Potatoes are a good source of vitamin B6 with one medium potato providing 10% of the recommended daily value. Vitamin B6 is a water-soluble vitamin that plays important roles in carbohydrate and protein metabolism. It helps the body make nonessential amino acids needed to make various body proteins; it is a cofactor for several co-enzymes involved in energy metabolism; and is required for the synthesis of hemoglobin, an essential component of red blood cells.

One medium potato provides 6% of the recommended daily value of iron.

Potatoes rank highest for foods with potassium and are among the top 20 most frequently consumed raw vegetables and fruits. A potato has more potassium than a banana. One medium potato with skin provides 620 milligrams or 18% of the recommended daily value (DV) of potassium per serving and is considered one of the best foods with potassium. Potassium is a mineral that is part of every body cell. It helps regulate fluids and mineral balance in and out of cells and in doing so, helps maintain normal blood pressure. Potassium is also vital for transmitting nerve impulses or signals, and in helping muscles contract.

Potassium is a powerful dietary factor that may help lower blood pressure. Few Americans are getting the recommended 4700 milligrams per day of potassium they need. One medium potato with skin provides 620 milligrams or 18% of the recommended daily value (DV) of potassium per serving and is considered one of the best foods with potassium. Potatoes rank highest for foods with potassium and are among the top 20 most frequently consumed raw vegetables and fruits. Potassium is a mineral that is part of every body cell. It helps regulate fluids and mineral balance in and out of cells and in doing so, helps maintain normal blood pressure. Potassium is also vital for transmitting nerve impulses or signals, and in helping muscles contract.

Some research suggests that potatoes may help with weight control, good for weight loss. They rate high in satiety, meaning they help fill you up, so you may eat less. Potatoes also contain proteinase inhibitors, which may suppress appetite. And preliminary experimental work suggests that potato extracts may improve insulin sensitivity and decrease diabetes risk due to their polyphenols. There’s even a weight-loss supplement that contains a potato extract, which is claimed to act as an appetite suppressant, though there’s no evidence it works. More research is needed, certainly, to confirm any weight loss potential of potato extracts.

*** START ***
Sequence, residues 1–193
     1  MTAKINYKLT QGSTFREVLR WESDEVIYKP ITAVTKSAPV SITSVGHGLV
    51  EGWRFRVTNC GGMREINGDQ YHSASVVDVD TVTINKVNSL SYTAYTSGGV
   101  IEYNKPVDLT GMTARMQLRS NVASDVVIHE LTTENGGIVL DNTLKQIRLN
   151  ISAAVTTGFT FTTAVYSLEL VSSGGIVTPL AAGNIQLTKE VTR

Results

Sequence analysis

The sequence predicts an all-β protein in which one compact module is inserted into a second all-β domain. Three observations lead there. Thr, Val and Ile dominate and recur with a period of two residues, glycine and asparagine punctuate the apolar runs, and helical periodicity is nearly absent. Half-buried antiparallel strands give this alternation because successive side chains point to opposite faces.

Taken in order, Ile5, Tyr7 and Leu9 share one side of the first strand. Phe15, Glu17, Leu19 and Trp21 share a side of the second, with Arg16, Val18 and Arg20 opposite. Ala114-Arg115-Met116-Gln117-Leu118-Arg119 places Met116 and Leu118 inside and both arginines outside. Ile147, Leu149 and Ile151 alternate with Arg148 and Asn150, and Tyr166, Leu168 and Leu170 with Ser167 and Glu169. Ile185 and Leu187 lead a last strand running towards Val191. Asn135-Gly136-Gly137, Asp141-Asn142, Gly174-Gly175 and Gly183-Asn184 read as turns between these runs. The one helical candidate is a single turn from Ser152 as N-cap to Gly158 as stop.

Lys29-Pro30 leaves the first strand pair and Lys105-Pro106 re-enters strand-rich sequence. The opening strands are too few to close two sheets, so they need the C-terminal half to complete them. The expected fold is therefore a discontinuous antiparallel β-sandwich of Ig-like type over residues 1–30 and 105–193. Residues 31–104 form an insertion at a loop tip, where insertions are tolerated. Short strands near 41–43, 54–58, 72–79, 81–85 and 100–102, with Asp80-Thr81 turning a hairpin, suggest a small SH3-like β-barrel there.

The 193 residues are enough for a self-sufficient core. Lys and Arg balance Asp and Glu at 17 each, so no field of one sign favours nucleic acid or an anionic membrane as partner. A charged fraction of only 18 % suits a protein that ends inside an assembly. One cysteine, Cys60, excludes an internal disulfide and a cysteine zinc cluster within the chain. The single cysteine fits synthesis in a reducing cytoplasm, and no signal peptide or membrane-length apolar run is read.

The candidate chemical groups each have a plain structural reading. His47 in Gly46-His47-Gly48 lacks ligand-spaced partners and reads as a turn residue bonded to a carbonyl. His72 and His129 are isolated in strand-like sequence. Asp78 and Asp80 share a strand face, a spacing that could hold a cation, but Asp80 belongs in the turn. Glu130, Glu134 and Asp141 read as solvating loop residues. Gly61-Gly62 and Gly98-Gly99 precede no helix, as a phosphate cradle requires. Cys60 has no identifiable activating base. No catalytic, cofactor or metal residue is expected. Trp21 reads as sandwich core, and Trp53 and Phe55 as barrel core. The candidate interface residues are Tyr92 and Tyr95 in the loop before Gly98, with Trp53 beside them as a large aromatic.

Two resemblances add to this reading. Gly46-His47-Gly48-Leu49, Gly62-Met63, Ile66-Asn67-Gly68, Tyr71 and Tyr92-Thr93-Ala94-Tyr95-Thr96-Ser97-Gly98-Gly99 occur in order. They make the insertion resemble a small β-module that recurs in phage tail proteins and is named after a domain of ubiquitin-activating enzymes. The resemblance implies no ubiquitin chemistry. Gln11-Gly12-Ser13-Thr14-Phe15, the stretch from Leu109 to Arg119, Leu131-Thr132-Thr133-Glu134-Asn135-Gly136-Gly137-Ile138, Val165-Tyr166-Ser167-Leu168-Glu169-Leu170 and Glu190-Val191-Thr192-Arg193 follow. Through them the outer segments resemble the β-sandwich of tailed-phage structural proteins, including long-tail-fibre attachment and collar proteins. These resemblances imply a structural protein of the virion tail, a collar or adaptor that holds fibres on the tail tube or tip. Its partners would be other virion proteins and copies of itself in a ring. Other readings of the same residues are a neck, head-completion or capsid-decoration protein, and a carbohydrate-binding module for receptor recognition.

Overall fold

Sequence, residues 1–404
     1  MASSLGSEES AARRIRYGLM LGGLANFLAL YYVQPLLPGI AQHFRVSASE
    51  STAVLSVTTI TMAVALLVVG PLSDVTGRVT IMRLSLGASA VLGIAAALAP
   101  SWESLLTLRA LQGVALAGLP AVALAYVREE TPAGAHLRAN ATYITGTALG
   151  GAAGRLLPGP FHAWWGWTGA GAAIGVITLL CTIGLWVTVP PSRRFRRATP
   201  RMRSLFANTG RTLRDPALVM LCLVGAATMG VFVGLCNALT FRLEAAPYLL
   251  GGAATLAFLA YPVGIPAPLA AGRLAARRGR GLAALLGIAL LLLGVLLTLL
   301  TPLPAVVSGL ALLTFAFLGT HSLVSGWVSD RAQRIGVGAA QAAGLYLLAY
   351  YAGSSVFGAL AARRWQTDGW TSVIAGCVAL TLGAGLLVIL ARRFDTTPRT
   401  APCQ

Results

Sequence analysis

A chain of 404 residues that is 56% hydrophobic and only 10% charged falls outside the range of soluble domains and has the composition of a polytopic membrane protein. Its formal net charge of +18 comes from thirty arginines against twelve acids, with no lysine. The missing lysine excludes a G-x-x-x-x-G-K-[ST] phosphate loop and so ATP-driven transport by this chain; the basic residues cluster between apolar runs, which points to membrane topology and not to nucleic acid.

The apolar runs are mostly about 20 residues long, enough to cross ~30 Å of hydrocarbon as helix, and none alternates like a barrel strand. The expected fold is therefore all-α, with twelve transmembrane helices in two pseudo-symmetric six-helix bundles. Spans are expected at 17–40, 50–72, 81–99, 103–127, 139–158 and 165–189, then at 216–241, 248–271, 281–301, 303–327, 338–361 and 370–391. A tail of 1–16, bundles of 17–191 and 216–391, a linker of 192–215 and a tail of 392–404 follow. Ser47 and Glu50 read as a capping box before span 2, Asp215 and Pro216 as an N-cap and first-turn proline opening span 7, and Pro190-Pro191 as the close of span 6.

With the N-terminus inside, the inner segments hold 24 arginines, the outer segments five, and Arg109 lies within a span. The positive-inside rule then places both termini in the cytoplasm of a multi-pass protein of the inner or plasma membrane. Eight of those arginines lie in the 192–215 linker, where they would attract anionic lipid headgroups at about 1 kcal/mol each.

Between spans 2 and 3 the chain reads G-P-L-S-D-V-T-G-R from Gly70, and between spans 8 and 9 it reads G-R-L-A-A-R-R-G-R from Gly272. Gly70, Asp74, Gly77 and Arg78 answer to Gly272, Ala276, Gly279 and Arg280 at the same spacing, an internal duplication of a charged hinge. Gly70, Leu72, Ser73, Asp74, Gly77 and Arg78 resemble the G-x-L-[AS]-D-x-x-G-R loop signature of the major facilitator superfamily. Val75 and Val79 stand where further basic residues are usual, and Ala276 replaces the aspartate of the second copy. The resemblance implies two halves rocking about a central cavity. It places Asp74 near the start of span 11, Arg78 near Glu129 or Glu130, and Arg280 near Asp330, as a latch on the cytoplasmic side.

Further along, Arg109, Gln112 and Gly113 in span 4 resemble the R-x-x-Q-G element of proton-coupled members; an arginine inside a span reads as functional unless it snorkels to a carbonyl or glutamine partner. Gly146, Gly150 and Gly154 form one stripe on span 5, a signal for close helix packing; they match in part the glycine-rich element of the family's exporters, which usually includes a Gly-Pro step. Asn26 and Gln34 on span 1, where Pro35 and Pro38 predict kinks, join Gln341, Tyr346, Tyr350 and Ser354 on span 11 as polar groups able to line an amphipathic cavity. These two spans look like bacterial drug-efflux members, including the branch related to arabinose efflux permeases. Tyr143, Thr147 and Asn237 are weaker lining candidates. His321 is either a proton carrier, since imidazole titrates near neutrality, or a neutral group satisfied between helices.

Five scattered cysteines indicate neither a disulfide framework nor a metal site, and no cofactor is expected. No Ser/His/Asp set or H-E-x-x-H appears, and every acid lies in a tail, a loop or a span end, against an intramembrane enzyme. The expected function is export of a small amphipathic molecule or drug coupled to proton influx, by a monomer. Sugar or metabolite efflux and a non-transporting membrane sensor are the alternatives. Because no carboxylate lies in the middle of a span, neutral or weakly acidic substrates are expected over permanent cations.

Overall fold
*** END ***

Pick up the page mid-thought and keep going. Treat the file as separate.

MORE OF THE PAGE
Potatoes are relatively low in calories, as low as 110. This is fewer than the calories in bread and rice. The problem is that potatoes are often prepared and served with lots of high-calorie ingredients. A 5-ounce potato with two tablespoons of butter and three tablespoons of sour cream has 415 calories and 30 grams of fat. A 5-ounce portion of hash browns, cooked in oil or butter, has 375 calories, while 5 ounces of fast-food French fries has 435 calories. Ounce for ounce, potato chips have more than five times as many calories as a plain potato.

Potatoes are also a good source of fiber, more potassium than bananas, and vitamin C, and they provide protein, iron, B vitamins (notably folate), and magnesium, along with other potentially beneficial plant compounds. The more colorful the potato, the higher the antioxidants.

Variety of potatoes is good in a healthy diet that’s rich in vegetables, fruits, legumes and whole grains. Sweet potatoes are technically unrelated to potatoes, but are a nutritious vegetable that provides lots of beta carotene and other carotenoids.

Potatoe Diet

People do lose weight on a only potato diet. In the vegan diet the potatoes glycemic index is not a major concern. It is possible to live entirely on potatoes for a whole year without any additional food or protein source. Andrew Taylor has done this diet for a whole year, eating a variety of potatoes. The only supplement he needed was B12. The potato known for starch has all the essential amino acids for protein. Andrew did it

Andrew broke his one year potato only diet on January 2017. He averaged 70 grams of protein per day, exceeding the minimum requirements. He lost over 117 pounds, cured his food addiction, his depression and anxiety. He now sleeps better, has improved mental clarity and focus, his joint pains are gone, his cholesterol and blood pressure are way down. His blood test results continue to improve overall. He is fitter and healthier than he has ever been. ​about-spud-fit

Digestion of Potatoes

Eating meat and potatoes at the same meal may cause digestive problems. A Cutting out the meat and potatoes together is one highly effective way that Dr. William Howard Hay was able to recover his health, and loose weight. He had weighed 225 pounds and suffered from all sorts of medical conditions including a dilated heart, which he found out about while attempting to catch a fast-moving train. Using the simple plan of not eating proteins such as meat with starches, he began to treat himself and lost 50 pounds in about three months while recovering from his life-threatening heart condition. Dr. Hay then went on to create the Hay Diet.